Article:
Moving back to the BCS era (and the failed attempts that came before it), the 2013 Florida State Seminoles had NFL talent all over the field on both sides of the ball, and much like 2020 Alabama, the Noles rolled their way to a championship celebration. Jameis Winston took the season by storm as the Heisman winner, but that team was truly a power in all facets of the sport and often gets overlooked for reasons unbeknownst to many college football fans.

The 2010 Auburn Tigers also featured the Heisman winner in QB Cam Newton, but they had much less NFL talent around him. Newton carried the Tigers to the promised land that year. He came out of nowhere to be the best player in the country and he was chosen No. 1 overall in the NFL Draft the following April. However, as a team, the ’10 Tigers probably fall short of the others.

Mack Brown and Vince Young’s 2005 Texas Longhorns have an argument in this discussion as well, as do the Pete Carroll, Matt Leinart, Reggie Bush and LenDale White USC teams of the mid-2000s. Texas and USC faced off in one of the greatest games in the sport’s history in the national championship game of the 2005 season. Young and the Longhorns surprised the talent-rich Trojans and were victorious late in that instant classic.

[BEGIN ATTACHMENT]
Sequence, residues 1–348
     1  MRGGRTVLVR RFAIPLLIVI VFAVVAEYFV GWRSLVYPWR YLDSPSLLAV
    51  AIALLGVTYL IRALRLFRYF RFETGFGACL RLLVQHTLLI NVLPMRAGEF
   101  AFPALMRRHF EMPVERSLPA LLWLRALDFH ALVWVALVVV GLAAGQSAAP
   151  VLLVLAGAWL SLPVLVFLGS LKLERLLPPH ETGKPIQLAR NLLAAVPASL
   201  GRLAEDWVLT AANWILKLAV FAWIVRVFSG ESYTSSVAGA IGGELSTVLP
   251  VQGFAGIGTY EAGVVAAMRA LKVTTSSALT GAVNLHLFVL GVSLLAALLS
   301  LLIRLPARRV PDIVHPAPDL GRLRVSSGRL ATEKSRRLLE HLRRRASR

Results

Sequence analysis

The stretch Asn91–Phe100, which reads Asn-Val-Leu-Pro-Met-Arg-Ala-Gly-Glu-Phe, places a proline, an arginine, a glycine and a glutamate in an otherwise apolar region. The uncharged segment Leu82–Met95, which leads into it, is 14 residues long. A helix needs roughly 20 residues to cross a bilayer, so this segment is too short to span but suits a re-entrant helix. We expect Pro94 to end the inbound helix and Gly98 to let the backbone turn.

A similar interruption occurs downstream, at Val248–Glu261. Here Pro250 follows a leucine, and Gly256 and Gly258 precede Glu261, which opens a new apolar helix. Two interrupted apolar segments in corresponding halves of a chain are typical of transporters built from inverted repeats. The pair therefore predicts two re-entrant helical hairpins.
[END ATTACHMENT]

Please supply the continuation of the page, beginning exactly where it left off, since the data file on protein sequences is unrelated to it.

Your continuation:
2001 Miami Hurricanes irresistable and immovable

There are many other teams that we could discuss, including: 1992 Alabama, 1994,1995 and 1997 Nebraska, 1997 Michigan,1998 Tennessee, 1999 Florida State, 2000 Oklahoma, 2002 Ohio State and 2009 Alabama, but for my money, the best team of the past three decades has to be the 2001 Miami Hurricanes.

That Miami team was loaded beyond belief. Among the numerous stars on the squad were: quarterback Ken Dorsey; running backs Clinton Portis, Willis McGahee, Najeh Davenport, and Frank Gore; tight end Jeremy Shockey; wide receiver Andre Johnson; offensive tackle Bryant McKinnie; defensive linemen Jerome McDougle, William Joseph, and Vince Wilfork; linebackers Jonathan Vilma and D.J. Williams; and defensive backs Ed Reed, Mike Rumph, and Phillip Buchanon. On paper, it is hard to imagine that any opponent could beat that Miami team

Additional contributors included future stars Kellen Winslow II, Sean Taylor, Antrel Rolle, Vernon Carey, and Rocky McIntosh. In all, an extraordinary 17 players from the team were drafted in the first-round of the NFL Draft. The team featured an attitude and a swagger that was just unmatched. They knew they were going to beat you, and they told you all about it.

They went 12-0 in Larry Coker’s first season, allowed just 9.8 points per game and defeated five Top 15 opponents by a combined score of 236-72. In the BCS National Championship game, that Canes team defeated Nebraska by a score of 37-14, leading 34-0 at halftime.

Much like the 1955-1956 Oklahoma Sooners coached by Bud Wilkinson, the 2001 Hurricanes decimated every team they faced. Miami also faced tougher opponents and did so four-and-a-half decades later, against better athletes and more complex game plans. Those great Sooner teams are among the best in the sport’s history, but the 2001 Miami Hurricanes top the list, especially when it comes to the last thirty years.